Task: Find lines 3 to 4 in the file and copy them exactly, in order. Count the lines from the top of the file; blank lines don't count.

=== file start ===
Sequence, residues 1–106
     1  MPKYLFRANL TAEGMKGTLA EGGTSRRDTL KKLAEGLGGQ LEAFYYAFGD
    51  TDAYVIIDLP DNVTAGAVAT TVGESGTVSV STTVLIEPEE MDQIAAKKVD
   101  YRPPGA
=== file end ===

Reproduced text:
    51  TDAYVIIDLP DNVTAGAVAT TVGESGTVSV STTVLIEPEE MDQIAAKKVD
   101  YRPPGA